It is impossible to exhaustively test software or prove the absence of errors, no matter how specific your test strategy is.
An extensive test that finds hundreds of errors doesn’t imply that it has discovered them all. There could be many more errors that the test might have missed. The absence of errors doesn’t mean there are no errors, and the software is perfect. It could easily mean ineffective or incomplete tests. To prove that a program works, you’d have to test all possible inputs and their combinations.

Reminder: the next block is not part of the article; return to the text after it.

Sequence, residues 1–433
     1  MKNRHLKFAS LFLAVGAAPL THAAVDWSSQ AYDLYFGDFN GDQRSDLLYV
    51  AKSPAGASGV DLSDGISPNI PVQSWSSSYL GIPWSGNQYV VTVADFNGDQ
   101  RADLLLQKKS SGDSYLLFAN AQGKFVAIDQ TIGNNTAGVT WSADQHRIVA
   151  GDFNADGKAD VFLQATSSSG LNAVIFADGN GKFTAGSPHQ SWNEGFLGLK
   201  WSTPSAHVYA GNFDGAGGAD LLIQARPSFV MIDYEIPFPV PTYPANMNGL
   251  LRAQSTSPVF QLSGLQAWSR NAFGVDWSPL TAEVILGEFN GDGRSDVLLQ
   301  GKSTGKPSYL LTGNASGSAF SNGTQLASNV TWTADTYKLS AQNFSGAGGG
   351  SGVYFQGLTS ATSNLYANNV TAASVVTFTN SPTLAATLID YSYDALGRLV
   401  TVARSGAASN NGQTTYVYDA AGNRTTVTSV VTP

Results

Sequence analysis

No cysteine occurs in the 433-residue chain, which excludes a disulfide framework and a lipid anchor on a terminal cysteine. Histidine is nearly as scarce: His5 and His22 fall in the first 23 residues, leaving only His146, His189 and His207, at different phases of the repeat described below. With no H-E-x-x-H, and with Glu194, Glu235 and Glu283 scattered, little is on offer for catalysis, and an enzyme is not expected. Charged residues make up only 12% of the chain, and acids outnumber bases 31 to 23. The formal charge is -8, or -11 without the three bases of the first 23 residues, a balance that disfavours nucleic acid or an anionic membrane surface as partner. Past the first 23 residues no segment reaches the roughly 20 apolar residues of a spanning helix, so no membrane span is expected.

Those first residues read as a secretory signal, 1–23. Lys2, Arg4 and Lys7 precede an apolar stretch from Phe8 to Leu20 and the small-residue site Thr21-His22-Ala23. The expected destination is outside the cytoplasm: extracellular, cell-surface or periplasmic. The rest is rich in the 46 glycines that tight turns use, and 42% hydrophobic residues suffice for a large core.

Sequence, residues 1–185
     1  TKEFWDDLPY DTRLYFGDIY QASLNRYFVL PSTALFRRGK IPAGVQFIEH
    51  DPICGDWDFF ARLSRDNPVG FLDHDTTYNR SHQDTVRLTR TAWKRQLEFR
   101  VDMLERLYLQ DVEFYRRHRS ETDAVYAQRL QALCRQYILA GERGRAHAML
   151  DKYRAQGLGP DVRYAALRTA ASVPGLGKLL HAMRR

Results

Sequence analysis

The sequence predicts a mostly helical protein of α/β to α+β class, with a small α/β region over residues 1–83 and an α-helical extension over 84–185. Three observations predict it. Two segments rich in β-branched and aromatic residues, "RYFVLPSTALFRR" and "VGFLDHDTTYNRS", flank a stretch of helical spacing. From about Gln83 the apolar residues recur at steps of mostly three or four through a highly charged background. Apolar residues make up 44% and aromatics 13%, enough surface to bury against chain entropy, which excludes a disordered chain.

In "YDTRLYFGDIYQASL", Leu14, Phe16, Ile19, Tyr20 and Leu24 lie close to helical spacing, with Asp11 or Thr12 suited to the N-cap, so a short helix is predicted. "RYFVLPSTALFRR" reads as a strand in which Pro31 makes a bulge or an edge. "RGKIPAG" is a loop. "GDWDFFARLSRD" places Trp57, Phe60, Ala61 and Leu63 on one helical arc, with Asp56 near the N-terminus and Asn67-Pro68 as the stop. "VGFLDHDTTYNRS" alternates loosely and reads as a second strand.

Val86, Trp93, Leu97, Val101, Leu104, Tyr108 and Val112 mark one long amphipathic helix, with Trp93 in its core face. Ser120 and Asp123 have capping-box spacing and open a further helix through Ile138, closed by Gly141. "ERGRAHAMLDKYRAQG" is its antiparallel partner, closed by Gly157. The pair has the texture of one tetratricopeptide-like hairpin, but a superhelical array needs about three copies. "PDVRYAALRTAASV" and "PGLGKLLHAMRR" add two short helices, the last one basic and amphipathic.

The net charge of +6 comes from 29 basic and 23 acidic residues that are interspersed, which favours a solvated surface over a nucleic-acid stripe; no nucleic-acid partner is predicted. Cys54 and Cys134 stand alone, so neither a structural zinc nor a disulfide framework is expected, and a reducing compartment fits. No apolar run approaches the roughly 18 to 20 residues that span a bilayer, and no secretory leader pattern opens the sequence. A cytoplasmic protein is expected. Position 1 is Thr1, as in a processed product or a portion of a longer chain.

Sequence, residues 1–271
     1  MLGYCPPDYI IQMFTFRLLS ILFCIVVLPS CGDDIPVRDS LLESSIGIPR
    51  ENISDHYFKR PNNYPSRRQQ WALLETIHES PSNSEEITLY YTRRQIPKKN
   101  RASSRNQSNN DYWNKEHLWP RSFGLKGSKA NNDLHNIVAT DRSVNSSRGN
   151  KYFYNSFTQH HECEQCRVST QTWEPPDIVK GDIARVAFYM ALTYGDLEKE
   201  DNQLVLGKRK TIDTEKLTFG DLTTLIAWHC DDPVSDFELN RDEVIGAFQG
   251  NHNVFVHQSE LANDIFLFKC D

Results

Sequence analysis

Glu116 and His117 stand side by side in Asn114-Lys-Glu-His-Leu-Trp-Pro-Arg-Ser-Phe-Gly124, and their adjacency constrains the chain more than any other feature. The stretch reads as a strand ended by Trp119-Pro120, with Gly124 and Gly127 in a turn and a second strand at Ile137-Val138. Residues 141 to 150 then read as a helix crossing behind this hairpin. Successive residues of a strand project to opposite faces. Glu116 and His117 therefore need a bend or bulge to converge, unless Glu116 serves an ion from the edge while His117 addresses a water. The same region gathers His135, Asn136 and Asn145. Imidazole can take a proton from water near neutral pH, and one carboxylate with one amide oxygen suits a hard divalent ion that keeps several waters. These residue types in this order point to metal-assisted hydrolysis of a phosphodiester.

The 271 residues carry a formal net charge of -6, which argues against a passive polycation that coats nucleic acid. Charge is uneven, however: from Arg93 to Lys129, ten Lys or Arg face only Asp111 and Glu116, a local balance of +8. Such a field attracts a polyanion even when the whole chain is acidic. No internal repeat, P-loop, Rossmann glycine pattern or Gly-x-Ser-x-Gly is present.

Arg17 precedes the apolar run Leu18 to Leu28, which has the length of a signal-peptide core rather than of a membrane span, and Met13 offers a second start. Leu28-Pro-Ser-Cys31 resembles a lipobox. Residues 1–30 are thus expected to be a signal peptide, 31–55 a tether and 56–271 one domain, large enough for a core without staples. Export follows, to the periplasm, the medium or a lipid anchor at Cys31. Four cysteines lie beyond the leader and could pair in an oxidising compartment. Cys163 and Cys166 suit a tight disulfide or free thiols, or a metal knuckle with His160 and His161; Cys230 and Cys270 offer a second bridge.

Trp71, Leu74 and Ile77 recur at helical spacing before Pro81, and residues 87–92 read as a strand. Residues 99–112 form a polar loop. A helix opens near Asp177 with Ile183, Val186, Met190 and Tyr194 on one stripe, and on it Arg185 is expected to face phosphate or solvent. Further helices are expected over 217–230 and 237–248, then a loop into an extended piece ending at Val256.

Consider a simple program that takes a string as an input that is ten characters long. To test it with each possible input, you’d have to enter 2610 names, which is impossible. Since exhaustive testing is not practical, your best strategy as a tester is to pick the test cases that are most likely to find errors. Testing is sufficient when you have enough confidence to release the software and assume it will work as expected